Arctic convoy veteran told he cannot receive medal
PUBLISHED: 10:03 15 January 2013 | UPDATED: 10:04 15 January 2013
A Norfolk naval veteran who was serving on a ship that was sunk while carrying Stalin’s gold bullion during the second world war has been refused permission to accept a bravery medal by the British government.
Lt Commander Roy Francis, 90, from Forncett St Mary, is unable to accept the Ushakov medal for bravery, offered by the Russian Government to British seamen who served on Arctic convoys between 1941 and 1945, because UK government officials say it would break the rules.
A Foreign and Commonwealth Office (FCO) spokesman said that while he appreciated the Russian government’s wish to recognise the “brave and valuable service” given by veterans of the Arctic Convoys, the rules stated that in order for permission to be given for an award to be accepted, there had to have been specific service to the country concerned, and within the previous five years.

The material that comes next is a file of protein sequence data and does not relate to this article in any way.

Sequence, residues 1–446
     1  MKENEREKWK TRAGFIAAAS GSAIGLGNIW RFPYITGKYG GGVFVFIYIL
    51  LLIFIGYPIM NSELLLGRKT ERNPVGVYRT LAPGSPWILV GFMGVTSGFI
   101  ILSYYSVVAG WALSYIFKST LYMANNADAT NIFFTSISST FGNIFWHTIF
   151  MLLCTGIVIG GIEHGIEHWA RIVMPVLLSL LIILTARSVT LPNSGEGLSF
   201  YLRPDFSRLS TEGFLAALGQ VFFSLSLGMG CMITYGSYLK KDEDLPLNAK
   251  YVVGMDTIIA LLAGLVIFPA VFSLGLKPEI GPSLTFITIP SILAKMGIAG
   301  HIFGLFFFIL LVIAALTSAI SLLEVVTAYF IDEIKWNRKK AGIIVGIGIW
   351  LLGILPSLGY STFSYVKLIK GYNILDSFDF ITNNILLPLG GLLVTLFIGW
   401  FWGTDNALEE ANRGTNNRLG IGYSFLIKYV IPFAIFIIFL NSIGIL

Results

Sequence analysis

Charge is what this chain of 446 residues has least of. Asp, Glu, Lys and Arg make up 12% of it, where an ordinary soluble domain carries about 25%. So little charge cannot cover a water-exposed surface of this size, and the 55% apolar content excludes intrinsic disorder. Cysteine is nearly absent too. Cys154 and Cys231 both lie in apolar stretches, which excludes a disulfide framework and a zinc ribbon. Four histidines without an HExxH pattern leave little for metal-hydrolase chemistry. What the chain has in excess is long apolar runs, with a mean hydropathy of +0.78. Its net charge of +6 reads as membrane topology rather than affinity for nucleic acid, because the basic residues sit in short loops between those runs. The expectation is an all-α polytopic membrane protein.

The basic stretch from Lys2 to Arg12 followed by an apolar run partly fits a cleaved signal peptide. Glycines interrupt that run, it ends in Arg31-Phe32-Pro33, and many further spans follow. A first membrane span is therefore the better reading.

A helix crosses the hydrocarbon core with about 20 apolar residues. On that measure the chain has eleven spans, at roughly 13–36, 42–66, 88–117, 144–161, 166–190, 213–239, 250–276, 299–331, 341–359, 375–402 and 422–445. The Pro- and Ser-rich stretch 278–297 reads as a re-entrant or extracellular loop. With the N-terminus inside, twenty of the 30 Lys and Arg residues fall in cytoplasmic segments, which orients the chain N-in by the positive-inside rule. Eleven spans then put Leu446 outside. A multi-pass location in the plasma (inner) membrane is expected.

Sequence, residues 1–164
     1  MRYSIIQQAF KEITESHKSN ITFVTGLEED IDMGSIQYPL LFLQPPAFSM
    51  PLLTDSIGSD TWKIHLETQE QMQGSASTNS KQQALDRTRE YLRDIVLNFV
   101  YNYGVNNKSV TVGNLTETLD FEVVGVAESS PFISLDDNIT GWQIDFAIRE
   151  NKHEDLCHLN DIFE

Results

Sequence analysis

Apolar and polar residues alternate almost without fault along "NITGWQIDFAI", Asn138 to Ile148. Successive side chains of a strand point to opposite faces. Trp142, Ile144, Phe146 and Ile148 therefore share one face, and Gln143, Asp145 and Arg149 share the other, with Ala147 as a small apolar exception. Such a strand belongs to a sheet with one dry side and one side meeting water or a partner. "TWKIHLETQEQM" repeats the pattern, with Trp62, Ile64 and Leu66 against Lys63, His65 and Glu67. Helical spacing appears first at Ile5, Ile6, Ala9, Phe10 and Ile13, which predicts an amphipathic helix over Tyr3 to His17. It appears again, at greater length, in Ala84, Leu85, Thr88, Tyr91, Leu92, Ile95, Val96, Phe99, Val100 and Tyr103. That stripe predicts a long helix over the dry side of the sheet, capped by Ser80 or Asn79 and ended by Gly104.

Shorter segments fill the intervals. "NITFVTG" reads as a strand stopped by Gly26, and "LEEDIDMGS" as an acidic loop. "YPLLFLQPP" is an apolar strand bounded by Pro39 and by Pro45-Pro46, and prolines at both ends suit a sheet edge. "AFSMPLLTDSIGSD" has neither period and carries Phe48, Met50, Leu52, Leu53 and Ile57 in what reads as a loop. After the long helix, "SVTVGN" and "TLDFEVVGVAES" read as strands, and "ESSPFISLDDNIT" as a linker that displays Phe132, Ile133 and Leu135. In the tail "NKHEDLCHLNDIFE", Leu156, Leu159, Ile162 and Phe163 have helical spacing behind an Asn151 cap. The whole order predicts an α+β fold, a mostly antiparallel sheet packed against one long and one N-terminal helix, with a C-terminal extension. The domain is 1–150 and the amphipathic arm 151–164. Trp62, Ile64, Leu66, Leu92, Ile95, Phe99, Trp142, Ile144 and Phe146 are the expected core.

Additionally, permission could not be granted if a person had received, or were expected to receive, a UK award for the same services, in this case the second world war Atlantic Star, which already includes the arctic convoys.
Late last year, prime minister David Cameron also announced the creation of a specific Arctic campaign medal to recognise the severe hardships of this part of naval history.
Cdr Francis said: “I think they have got it wrong. The Russian government wants to give us a bravery medal, not a campaign medal – there is a big difference. Why can’t our government bend the rules when the Australian, Canadian, New Zealand and American governments have all allowed their veterans to accept this great honour?”
But he added: “I’m pleased to see that this government has finally agreed to give us a British campaign medal. I’m told that checking eligibility for the award may take months though so I’m hoping I’ll still be around when all of the bureaucracy has been carried out – none of us are getting any younger.”
Cdr Francis served on HMS Edinburgh, which on its final voyage in 1942 was loaded with more than four tonnes of gold bullion as payment from Stalin to the UK and the USA for the weapons, tanks and aircraft needed to help fight off Nazi attacks.
It was sunk by a U-boat on May 2 1942 – the gold was not recovered until the 1980s.
Cdr Francis also served on HMS Manchester during the war.
Afterwards he built the Wells to Walsingham Light Railway, which he still owns and runs.